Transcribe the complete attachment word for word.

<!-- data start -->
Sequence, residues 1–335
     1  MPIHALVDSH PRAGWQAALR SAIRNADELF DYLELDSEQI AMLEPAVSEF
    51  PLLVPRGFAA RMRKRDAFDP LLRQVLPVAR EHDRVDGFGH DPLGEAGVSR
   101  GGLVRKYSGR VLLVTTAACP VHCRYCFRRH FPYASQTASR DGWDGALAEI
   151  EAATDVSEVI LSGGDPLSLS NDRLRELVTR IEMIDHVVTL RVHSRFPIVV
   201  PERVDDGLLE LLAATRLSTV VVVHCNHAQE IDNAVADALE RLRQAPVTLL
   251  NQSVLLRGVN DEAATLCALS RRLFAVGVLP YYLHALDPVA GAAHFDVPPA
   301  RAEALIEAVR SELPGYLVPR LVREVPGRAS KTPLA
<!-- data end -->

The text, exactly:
Sequence, residues 1–335
     1  MPIHALVDSH PRAGWQAALR SAIRNADELF DYLELDSEQI AMLEPAVSEF
    51  PLLVPRGFAA RMRKRDAFDP LLRQVLPVAR EHDRVDGFGH DPLGEAGVSR
   101  GGLVRKYSGR VLLVTTAACP VHCRYCFRRH FPYASQTASR DGWDGALAEI
   151  EAATDVSEVI LSGGDPLSLS NDRLRELVTR IEMIDHVVTL RVHSRFPIVV
   201  PERVDDGLLE LLAATRLSTV VVVHCNHAQE IDNAVADALE RLRQAPVTLL
   251  NQSVLLRGVN DEAATLCALS RRLFAVGVLP YYLHALDPVA GAAHFDVPPA
   301  RAEALIEAVR SELPGYLVPR LVREVPGRAS KTPLA